Worm Farming History
Worm composting or worm farming is a procedure where worms are utilized to consume organic waste. Their waste or castings are used as soil fertilizer or conditioner. Vermicomposting is the one other term for worm farming.
This process is extremely important when processing left-over food or kitchen waste. Worms can eat more than half of their body size, and they eat the waste so quickly that there are no issues with the odor of the food scraps. That is why worm farming is better employed for recycling food, yard and paper wastes. The wastes coming from the worms are utilized to grow plants.
These legless creatures have been established for such a long while and have been helping the environment for decades. For the majority of the time we've neglected them, apart from cases in our youth when we study them. While others under the process of worm farming or worm composting, were able to put these guys into business.
Worms played a big role in making big lands fertile. In Nile, during 51 from 30 B.C. in time of the rule of Cleopatra VII, Queen of Egypt, export of worms was banned. During that period, those who export and remove worms from their habitat receive death as their penalty. That is why Nile, until today, has the most fertile lands.
Worms have aerating and fertilizing the soil for such a long while. Charles Darwin had a study about his observations of the actions and habits of worms. Through his work, which was published, he claimed that worms are the most significant creatures on earth. Plowing, which he also thought of as the most significant invention of our lives, was in the same reasoning behind how worms work. It looses up the soil to aerate it and make sure that the required minerals essential for plant growth reaches the plant roots.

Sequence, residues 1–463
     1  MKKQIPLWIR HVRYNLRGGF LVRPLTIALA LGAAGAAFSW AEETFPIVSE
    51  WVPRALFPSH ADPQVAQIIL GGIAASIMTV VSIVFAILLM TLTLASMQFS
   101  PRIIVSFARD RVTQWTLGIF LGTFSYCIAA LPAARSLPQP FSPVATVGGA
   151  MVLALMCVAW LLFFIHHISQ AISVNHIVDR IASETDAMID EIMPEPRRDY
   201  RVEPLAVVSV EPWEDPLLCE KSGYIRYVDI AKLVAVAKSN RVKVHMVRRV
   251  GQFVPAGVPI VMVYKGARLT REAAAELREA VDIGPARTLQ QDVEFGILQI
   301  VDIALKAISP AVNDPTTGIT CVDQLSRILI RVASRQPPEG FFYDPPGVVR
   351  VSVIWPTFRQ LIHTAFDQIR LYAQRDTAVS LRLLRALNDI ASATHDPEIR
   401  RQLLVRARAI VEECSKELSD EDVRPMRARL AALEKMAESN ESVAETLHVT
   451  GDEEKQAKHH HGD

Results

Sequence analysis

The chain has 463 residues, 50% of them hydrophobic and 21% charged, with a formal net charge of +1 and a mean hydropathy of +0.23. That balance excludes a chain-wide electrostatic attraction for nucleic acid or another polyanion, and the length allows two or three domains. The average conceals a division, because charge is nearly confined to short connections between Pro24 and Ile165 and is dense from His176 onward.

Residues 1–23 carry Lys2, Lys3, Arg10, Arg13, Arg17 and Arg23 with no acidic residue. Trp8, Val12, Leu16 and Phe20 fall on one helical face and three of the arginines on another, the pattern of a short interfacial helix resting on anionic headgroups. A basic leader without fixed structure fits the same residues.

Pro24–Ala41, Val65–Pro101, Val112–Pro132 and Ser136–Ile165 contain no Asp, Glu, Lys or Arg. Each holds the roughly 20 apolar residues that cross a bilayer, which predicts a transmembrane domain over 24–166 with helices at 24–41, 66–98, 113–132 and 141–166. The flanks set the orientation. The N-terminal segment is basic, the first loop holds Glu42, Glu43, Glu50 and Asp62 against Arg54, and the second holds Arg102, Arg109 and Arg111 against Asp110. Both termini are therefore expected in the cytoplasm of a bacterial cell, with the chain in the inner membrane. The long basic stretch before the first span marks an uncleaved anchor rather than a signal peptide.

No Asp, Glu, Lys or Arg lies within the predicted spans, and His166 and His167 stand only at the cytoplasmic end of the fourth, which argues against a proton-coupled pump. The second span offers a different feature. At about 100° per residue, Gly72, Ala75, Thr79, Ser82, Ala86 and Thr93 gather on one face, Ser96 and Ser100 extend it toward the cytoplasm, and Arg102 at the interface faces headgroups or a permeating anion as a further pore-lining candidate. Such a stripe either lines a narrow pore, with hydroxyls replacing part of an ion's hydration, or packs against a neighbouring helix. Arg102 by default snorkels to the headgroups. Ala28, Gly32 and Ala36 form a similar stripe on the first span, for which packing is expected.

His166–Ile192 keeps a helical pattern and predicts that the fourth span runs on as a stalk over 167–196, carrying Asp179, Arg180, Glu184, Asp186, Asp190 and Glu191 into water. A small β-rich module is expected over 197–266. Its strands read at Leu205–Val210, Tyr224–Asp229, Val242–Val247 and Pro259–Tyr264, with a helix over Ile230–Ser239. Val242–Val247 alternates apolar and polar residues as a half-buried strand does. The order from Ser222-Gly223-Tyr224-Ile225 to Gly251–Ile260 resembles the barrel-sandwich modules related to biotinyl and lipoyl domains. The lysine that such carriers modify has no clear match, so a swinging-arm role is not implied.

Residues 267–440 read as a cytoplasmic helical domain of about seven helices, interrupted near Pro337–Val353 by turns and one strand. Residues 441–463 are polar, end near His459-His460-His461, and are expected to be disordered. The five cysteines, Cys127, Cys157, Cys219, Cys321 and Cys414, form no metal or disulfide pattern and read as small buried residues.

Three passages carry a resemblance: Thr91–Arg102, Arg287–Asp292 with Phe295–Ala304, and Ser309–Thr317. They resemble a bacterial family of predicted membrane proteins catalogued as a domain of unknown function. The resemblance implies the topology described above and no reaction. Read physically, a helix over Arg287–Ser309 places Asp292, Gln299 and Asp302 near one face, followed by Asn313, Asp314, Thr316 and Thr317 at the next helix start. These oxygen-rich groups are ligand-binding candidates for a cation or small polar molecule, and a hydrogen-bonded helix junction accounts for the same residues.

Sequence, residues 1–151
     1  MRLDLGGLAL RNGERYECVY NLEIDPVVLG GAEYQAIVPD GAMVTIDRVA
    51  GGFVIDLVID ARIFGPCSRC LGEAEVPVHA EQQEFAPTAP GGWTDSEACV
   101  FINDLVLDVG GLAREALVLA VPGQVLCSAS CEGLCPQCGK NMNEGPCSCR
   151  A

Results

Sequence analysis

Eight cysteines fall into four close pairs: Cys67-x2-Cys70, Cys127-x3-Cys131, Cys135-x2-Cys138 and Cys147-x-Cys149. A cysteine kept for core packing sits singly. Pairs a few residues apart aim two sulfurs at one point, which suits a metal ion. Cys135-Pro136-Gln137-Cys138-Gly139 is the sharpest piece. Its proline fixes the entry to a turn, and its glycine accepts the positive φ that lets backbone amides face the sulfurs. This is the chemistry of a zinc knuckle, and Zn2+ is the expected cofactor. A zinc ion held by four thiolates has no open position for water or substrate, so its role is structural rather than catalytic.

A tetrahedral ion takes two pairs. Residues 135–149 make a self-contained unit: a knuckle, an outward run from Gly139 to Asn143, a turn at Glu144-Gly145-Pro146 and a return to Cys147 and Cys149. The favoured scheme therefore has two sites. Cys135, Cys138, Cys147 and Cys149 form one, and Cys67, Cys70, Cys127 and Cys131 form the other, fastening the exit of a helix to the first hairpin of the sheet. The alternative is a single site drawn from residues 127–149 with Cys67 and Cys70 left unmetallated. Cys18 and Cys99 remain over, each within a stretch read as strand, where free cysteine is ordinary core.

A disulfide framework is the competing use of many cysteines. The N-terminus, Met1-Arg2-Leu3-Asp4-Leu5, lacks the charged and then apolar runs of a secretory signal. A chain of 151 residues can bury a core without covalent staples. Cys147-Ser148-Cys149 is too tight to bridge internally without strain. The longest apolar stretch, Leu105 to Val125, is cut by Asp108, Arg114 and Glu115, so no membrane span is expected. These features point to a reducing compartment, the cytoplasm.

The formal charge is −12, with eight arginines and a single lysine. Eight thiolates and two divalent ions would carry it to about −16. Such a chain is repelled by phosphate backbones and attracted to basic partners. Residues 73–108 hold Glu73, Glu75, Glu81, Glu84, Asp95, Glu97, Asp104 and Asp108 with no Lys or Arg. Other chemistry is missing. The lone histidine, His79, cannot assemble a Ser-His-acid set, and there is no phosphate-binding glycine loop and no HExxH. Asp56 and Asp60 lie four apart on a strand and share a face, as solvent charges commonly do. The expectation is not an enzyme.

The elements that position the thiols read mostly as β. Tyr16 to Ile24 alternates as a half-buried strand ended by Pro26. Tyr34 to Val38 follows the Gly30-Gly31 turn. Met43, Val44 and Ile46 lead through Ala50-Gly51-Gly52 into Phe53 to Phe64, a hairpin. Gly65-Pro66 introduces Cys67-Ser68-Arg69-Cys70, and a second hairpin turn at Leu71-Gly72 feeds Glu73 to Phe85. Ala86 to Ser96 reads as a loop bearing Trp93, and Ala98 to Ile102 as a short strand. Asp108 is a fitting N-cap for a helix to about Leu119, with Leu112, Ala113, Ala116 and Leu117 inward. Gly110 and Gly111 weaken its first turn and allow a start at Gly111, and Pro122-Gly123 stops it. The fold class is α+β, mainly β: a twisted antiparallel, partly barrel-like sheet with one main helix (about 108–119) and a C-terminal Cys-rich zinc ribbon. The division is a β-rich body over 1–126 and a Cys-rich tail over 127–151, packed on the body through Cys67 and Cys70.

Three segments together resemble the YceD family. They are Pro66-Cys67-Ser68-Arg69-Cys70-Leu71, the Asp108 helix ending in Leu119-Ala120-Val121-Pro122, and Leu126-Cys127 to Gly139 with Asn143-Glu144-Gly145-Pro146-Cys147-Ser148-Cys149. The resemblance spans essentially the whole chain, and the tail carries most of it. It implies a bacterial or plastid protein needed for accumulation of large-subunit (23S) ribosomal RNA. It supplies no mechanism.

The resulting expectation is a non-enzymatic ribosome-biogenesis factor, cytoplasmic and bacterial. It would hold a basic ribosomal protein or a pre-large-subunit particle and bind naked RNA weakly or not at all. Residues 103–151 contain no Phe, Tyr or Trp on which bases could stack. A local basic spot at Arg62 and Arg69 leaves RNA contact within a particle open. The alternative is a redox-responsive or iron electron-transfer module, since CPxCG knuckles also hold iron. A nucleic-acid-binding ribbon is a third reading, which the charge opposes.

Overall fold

When Industrial revolution were sent out 1800s, natural farming were cast aside. Efforts were directed into ensuring that there are more products being harvested. So, how can that be possible? This paved the means for looking chemical agriculture enhancements to yield more growth.
As soon as 1927, there were already discoveries on how to build up and produce nitrophosphate. This is used as nitrogen fertilizer to the plants. Yes, these fertilizers indeed developed and produced more crops, but then started the question about the long term outcomes of these chemicals. As a consequence of constant chemical supply being poured into the soil, earthworms started to die.
These worms once considered to be useful in making the soil fertile are considered pests and should be stopped. The decrease in the earthworm population led to the fall of the fertility of land.
But the people started to remember the past and the environment again. Currently, there are efforts to encourage most producers to do organic farming. But because chemical and man-made fertilizers are simpler to use and more available, most of the farmers still use chemical fertilizers and pesticides. But there are still individuals who would like to get the soil back to its previous condition. Worm farming or the worm composting went back to its track. This process became an ad one in 1975. Currently, there are worm farmers who sell worms and organic wastes to organic farmers and gardeners.
Worm farms may not that financially stable and may go through highs and lows in its market, but it is significantly saying that there re still individuals who believed that worms can still do and should do as assigned by Mother Nature.
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